As it helps community rebuild, Florida Gulf Coast plays on

As it helps community rebuild, Florida Gulf Coast plays on
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Austin Cherichella’s task was simple: throw everything away.

The junior from Orlando, Florida, and the rest of his Florida Gulf Coast teammates and coaches put their clubs away for a few days last week to help their community clean up after Hurricane Ian devastated the Fort Myers area. With storm surge and flood waters rushing through coastal neighborhoods, homes that weren’t lifted off their foundations were filled with saltwater, destroying most, if not all, of what was inside.

“So many pictures,” Cherichella described of the homes in the Pine Island area, where he was volunteering. “We were taking carpets out, throwing doors out. … They were saying just take everything out of the houses and put it on the curb. It was really devastating to see.”

Eagles head coach Andrew Danna recalls one elderly man they helped. He was about to turn 94 years old and had decided to ride out the storm alone in his home.

“He told us how the water had gotten up to his neck and it was a scary situation,” Danna said, “and then the water came down and he was able to sit in his recliner in the water and just kind of wait. And he ended up being OK, God willing and thankfully.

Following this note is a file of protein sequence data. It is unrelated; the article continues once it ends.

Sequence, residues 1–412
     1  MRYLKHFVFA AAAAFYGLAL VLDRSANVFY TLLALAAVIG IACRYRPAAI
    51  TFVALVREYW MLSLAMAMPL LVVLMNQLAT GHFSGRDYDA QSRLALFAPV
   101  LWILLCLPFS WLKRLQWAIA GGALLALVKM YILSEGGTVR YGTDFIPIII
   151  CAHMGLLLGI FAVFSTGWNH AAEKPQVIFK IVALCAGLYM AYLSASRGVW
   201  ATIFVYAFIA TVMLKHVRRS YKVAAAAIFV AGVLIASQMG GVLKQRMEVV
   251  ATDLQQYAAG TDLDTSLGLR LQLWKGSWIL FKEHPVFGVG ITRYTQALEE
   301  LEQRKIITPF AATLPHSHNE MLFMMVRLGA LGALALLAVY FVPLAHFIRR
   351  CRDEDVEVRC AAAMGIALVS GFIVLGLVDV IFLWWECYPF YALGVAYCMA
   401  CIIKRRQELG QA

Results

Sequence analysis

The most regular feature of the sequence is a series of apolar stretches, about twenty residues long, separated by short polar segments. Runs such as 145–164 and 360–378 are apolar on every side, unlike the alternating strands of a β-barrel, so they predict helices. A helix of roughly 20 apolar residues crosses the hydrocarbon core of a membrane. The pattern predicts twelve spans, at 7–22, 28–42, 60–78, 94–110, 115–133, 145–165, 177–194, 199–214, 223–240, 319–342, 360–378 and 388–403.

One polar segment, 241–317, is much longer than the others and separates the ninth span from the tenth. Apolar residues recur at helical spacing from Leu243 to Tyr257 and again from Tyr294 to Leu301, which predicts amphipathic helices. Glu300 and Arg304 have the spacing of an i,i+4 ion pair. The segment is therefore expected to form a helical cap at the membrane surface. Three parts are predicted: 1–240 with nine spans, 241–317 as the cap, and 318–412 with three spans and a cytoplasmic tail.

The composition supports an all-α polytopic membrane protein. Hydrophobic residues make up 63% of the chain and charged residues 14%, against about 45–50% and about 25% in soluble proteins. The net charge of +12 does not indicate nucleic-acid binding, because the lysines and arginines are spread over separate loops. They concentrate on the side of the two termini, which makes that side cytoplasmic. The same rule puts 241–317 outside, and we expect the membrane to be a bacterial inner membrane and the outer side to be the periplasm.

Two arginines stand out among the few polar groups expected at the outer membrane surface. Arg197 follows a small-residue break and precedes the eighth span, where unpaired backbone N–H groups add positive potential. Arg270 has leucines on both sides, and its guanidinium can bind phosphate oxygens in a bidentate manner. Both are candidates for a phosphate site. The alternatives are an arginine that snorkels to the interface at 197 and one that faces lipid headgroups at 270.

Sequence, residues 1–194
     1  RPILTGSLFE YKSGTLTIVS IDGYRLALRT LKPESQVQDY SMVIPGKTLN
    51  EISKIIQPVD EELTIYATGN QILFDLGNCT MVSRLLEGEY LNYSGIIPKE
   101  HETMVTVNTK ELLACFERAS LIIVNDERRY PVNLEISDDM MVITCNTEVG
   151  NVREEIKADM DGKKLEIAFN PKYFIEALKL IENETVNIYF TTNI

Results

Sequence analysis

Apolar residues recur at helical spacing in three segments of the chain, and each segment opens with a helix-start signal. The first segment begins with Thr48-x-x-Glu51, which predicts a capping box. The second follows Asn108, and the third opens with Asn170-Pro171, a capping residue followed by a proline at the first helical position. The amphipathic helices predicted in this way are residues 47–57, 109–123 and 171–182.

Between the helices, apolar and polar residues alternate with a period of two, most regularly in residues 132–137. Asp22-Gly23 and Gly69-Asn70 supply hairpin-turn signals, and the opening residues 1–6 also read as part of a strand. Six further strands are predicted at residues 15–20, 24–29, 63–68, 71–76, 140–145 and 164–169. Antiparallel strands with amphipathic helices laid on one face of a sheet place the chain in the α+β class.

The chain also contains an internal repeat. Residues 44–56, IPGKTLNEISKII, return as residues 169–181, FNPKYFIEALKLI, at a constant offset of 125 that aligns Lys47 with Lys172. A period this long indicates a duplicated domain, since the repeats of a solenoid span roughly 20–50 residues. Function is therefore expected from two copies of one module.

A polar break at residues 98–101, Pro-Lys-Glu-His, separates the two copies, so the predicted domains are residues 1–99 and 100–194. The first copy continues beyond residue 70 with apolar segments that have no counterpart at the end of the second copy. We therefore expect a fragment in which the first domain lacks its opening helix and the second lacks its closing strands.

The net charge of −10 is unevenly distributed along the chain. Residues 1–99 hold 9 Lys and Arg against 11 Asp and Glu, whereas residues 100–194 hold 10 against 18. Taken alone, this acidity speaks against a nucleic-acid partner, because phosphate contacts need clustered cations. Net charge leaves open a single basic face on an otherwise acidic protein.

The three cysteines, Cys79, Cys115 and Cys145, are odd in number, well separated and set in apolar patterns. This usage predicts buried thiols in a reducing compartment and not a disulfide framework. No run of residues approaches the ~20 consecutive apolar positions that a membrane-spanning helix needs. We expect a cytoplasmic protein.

“There are countless stories of that.”

The Category 4 storm made landfall on Sept. 28 near Cayo Costa, putting Fort Myers to the south and its barrier islands such as Fort Myers Beach, Sanibel Island, Captiva Island and Pine Island on what people call the dirty side of the storm, which slammed the coast with 150 mph winds, fourth fastest among storms that have made landfall in Florida, and up to 18 feet of storm surge. Of the over 100 deaths recorded so far, officials say half are from drowning.

“The flooding was just horrific,” Danna said. “That was … yeah. I mean, you saw the pictures.”

As one can imagine, it’s hard to find words. Danna attended college at Mississippi State, worked as a PGA pro in Louisiana and has coached college golf in the Sunshine State for over a decade, including at Division-II Lynn University, where he won a national championship in 2018. So, he’s familiar with hurricanes.

But nothing could’ve prepared he and his team for Ian’s impact.

As Ian barreled through the Caribbean and toward the Gulf of Mexico, it was unclear what path the storm would take. Some models took the hurricane parallel to Florida’s west coast before hitting the Panhandle.

Based on the data at the time, Danna figured his team would be able to fly to Winston-Salem, North Carolina, for the Sept. 26-27 Old Town Invitational, hosted by Wake Forest, and then safely return to campus in Estero, Florida, before the hurricane conditions arrived.